Kentucky has determined Lexington’s COVID-19 spread to be “critical” again even though the city’s case counts are among the lowest they have been in months.
Gov. Andy Beshear on Thursday blamed the Lexington-Fayette County Health Department for the discrepancy that can affect schools, students and athletics.
Lexington’s “incidence rate” over the last seven days is 28, according to the state Department for Public Health, which puts the county in the worst — red — category. Gov. Andy Beshear’s office recommends counties in the “red zone” avoid in-person schooling. Red zone areas also are advised to cancel sporting events, according to the Kentucky High School Athletic Association.
But the city’s updated incidence rate over the last seven days is actually 22.3, according to current daily case numbers from the Lexington-Fayette health department. That would put Lexington in the “orange zone.” The orange category doesn’t call for canceling in-person instruction or sporting events, according to Beshear and KHSAA.
“The reason that the state information lags is that the Fayette County health department is one of the slower in the state about actually updating that information,” Beshear said. “And the answer to not getting that data in fast enough is not ‘don’t follow the state recommendations with the state data,’ it’s fix the problem.”
Fayette County Public Schools has a potential plan to allow small groups of elementary school students back into classrooms the week of Oct. 19. Schools in Fayette County — and across Kentucky — have continued to play football despite the red zone classification. But schools from other counties have canceled games with Fayette County schools due to the high COVID-19 concern.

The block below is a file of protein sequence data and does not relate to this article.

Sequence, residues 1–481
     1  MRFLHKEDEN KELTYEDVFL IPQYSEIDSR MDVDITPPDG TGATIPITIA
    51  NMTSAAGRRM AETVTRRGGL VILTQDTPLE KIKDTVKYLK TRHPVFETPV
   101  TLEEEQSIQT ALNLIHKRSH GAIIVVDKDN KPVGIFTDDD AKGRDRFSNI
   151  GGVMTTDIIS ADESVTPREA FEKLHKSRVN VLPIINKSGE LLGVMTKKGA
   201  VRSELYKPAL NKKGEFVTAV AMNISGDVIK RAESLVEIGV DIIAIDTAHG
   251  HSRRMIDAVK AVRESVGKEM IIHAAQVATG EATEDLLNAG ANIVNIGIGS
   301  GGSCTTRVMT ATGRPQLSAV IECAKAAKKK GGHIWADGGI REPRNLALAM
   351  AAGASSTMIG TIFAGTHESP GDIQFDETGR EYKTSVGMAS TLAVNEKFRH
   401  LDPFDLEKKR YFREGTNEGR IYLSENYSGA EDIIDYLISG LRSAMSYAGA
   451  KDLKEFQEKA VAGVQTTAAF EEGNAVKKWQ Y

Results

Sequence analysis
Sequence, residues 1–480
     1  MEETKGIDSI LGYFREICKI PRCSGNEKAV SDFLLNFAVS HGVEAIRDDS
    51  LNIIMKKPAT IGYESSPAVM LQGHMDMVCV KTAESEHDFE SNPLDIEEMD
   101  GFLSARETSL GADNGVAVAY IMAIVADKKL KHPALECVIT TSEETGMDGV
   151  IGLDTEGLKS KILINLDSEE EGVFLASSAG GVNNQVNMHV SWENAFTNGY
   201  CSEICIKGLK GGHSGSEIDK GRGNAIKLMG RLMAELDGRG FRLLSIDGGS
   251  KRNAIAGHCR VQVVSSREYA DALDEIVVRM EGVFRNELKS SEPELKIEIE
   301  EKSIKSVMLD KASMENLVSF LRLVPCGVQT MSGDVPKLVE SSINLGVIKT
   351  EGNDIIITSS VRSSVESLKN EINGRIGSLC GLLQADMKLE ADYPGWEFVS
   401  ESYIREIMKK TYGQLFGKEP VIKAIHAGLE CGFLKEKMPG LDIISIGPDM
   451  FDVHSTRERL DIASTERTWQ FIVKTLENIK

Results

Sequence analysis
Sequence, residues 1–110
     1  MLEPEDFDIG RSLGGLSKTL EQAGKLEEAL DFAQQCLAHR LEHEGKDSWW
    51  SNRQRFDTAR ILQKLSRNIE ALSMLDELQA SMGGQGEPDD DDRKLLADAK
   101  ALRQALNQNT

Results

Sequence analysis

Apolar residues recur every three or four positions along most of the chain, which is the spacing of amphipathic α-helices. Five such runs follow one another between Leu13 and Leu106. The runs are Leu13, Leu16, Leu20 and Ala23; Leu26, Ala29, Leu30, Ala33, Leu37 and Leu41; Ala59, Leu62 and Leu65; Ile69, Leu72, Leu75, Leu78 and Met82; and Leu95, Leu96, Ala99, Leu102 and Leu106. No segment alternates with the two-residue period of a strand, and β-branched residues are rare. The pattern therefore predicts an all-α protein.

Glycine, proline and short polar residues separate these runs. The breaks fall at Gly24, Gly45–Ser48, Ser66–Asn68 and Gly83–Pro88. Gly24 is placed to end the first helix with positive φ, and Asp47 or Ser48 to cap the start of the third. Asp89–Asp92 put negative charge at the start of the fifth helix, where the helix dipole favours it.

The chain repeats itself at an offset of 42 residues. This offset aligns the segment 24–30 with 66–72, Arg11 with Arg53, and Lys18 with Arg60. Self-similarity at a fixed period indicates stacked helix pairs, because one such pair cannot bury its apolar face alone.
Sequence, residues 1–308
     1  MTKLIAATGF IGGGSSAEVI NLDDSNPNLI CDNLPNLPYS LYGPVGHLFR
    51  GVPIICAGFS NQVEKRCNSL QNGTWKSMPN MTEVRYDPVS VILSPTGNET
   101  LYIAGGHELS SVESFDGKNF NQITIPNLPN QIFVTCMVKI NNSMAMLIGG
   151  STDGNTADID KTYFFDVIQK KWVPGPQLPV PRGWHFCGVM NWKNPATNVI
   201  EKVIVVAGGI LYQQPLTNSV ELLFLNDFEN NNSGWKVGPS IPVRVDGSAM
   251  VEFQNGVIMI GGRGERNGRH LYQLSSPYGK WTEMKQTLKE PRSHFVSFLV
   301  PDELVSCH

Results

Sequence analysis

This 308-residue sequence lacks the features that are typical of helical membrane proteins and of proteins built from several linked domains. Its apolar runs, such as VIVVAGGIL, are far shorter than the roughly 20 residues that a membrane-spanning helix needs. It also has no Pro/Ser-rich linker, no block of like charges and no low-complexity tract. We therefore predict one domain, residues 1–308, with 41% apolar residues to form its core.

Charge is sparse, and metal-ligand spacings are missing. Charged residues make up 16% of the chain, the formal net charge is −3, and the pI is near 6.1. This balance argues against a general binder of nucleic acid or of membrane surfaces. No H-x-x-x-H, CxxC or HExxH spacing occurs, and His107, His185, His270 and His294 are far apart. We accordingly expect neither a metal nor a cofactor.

The local health department didn’t deny that there is a lag in getting the data to the state. Case counts are initially handled by the Fayette health department, and it has to log updated counts into a database for the state, spokesman Kevin Hall said.
“The delay is from the continued growth in cases with the ongoing need to increase staffing to enter the data,” Hall said previously. “Another part of the problem is also that the majority of our cases are not reported through electronic lab reports, so they have to be manually entered. The state and local health departments are working on this issue.”
The data drives the state health department’s incidence rate map that categorizes the severity of COVID-19 spread in each county. The color-coded zones allow the state to easily offer guidance for schools on holding in-person classes or sporting events. The state defines “incidence rate” as the average number of new cases per 100,000 residents each day over the previous seven days.
Public Health Commissioner Steven Stack said Thursday that the discrepancy in data isn’t significant because the seven-day rolling average helps reduce the impact of outlying numbers.
“If you’re red at 25.1 or you’re orange at 24.6, you’re at the top of the scale,” Stack said. “That’s the takeaway … you’ve got to be careful. You have a lot of disease.”
Stack said the lag in data could be as long as three days. But the Lexington-Fayette health department said the data could be as much as three weeks behind, which would mean the state health department is just now reporting some of Lexington’s largest case increases. The city reported 123 cases on Sept. 9, 149 cases on Sept. 10, 167 cases on Sept. 11 and 108 cases on Sept. 12. The 167 cases was a one-day record for the city.
Beshear reported more than 140 cases for Fayette County on consecutive days this week, but the local health department has reported fewer than 90 new cases each of the past five days. When the state first started reporting the incidence rate, Lexington’s virus spread was actually twice as bad as what the state was reporting.